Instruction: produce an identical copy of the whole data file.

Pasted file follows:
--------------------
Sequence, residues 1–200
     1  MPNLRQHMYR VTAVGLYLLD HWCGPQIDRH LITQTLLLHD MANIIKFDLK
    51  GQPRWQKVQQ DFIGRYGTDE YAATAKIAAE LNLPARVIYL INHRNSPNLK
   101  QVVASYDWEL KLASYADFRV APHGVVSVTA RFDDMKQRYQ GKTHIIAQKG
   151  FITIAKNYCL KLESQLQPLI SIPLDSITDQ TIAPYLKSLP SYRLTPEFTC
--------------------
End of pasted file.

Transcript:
Sequence, residues 1–200
     1  MPNLRQHMYR VTAVGLYLLD HWCGPQIDRH LITQTLLLHD MANIIKFDLK
    51  GQPRWQKVQQ DFIGRYGTDE YAATAKIAAE LNLPARVIYL INHRNSPNLK
   101  QVVASYDWEL KLASYADFRV APHGVVSVTA RFDDMKQRYQ GKTHIIAQKG
   151  FITIAKNYCL KLESQLQPLI SIPLDSITDQ TIAPYLKSLP SYRLTPEFTC